We should understand how very dangerous combat was for Bullard: In one battle of the Champagne Offensive, according to Chivalette, “five hundred men began the battle, but … only 31 remained — a 94 percent casualty rate.” Bullard, who said he received “a little head wound” in the fighting, was one of those few survivors. While recovering from his wounds, Will Irvin interviewed Bullard for the Saturday Evening Post. We can only imagine the reaction of white Americans reading about the heroism of this black man, at the height of the Jim Crow era, when American armed forces remained strictly segregated, and black combat opportunities severely limited.
Now unable to return to the field, what does Bullard do? Retire and go home to safety, like any normal person would do? No way: He “transferred to aviation gunnery,” according to Fannin. And on May 5, 1917, he earned his pilot’s license (“number 6950 from the Aero Club de France), earning Eugene Jacques Bullard the historical distinction of becoming “the very first black fighter pilot in history.” He then was trained for advanced flight and combat, and assigned to Squadron 93 of the legendary Lafayette L’Escadrille, or “Flying Corps,” young American volunteers who flew for France. Flying Spad S.VII and Nieuport biplane fighter aircraft, Bullard flew “at least twenty missions over the Verdun sector,” and claimed to have shot down two German fighters.
Chivalette tells us that Bullard, by now a corporal, “painted a red bleeding heart pierced by a knife on the fuselage of his Spad. Below the heart was the inscription ‘Tout le Sang qui coule est rouge!’ Roughly translated it says, ‘All Blood Runs Red.’ ” We can get a sense of Bullard’s courage and daring from the encounter that led to his second kill, which took place in November 1917: “He shot down a German Pfalze after the pilot went into a classic Immelman turn, flying nose up and then turning backward, to attempt to come in from behind. Bullard ducked into a cloud bank and emerged below and to the right of his foe where he pulled in behind him and shot the German down.” This was one bad brother!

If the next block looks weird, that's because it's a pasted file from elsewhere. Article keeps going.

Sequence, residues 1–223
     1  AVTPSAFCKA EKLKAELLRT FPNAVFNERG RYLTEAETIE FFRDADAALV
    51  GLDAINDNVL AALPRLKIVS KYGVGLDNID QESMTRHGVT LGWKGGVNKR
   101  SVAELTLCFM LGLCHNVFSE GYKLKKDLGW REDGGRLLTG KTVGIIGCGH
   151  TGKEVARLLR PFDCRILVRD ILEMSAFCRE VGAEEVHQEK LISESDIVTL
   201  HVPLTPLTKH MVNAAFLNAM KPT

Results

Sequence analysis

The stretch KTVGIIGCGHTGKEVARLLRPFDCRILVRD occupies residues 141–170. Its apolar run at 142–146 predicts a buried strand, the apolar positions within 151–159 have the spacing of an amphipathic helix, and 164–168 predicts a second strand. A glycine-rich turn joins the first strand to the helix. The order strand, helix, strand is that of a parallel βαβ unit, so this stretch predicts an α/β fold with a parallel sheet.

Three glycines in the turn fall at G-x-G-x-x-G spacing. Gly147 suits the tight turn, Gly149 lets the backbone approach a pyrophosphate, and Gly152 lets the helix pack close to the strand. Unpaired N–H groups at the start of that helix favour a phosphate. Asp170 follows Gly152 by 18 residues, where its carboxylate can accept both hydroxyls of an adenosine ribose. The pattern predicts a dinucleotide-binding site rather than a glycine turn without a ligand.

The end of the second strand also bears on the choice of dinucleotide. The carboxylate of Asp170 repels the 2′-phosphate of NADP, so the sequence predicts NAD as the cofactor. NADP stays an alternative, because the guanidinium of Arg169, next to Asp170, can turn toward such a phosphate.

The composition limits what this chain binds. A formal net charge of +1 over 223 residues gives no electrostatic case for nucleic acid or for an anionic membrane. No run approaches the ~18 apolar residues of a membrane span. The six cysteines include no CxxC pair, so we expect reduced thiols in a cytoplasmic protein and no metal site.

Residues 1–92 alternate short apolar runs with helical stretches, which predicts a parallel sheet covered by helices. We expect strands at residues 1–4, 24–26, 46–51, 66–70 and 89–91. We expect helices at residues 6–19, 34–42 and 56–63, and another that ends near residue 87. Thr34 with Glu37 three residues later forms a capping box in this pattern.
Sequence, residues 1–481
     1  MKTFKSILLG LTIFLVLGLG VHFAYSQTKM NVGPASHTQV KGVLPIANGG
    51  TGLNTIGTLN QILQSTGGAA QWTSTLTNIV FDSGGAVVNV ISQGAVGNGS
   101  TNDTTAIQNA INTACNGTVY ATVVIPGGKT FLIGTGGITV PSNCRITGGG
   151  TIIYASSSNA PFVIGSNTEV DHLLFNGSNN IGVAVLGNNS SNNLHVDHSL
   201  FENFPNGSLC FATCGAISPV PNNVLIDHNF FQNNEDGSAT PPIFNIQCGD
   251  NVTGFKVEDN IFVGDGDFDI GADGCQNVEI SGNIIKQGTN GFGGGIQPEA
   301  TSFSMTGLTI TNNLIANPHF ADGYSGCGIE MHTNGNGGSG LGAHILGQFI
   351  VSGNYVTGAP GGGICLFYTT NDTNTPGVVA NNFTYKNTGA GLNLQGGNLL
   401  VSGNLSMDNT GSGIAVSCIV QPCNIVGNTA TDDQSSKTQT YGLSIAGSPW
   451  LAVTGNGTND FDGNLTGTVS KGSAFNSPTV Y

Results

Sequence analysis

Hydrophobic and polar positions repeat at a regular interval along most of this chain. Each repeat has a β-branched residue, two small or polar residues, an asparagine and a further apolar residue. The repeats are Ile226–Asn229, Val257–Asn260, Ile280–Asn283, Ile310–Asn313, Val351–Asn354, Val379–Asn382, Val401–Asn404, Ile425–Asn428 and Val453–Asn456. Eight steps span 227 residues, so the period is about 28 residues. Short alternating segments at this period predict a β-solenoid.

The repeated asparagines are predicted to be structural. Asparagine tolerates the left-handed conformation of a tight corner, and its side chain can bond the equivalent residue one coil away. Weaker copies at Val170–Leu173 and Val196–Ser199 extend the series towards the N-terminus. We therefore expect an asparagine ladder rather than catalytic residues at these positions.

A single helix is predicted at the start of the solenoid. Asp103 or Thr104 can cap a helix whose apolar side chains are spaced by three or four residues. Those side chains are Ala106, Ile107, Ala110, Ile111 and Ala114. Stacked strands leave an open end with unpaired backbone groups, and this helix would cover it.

It will come as no surprise that after the United States entered the war, Bullard was abruptly transferred back to the 170th Infantry, most probably because the U.S. wouldn’t accept the presence of a black pilot, a policy that would not change until the ban was lifted in 1940. (The Tuskegee Airmen finished their training in 1942.) Bullard applied to transfer to the U.S. Air Force, but despite his proven record of superior combat skills, his “application was ignored for the duration of the war.”
Following the war, Bullard joined a jazz combo as a drummer, then became the manager of Le Grand Duc, one of the most popular of the early jazz clubs in Paris, famous as an initial venue for Ada “Bricktop” Smith. He used his experiences there to start his own jazz club, Club L’Escadrille, named after his unit in the air corps, after serving as the proprietor of Gene Bullard’s Athletic Club. In 1923, he married a wealthy French woman, Marcelle Straumann, and they had three children. You’d think that this fairy tale life would end there, right? Not for Eugene Bullard!
When World War II broke out, Bullard attempted in 1940 to rejoin his old infantry unit, the 170th. When that proved impossible, Bullard — now age 45 or so — joined the 51st Infantry at Orleans, and in June was “severely wounded” for the second time in combat with the Germans, while “his dozen or so compatriots were killed,” according to Chivalette. Bullard made his way to Spain, fleeing certain death at the hands of the occupying Nazis, and was evacuated to New York where he recovered. Afterward, he aided Charles De Gaulle’s Free French forces.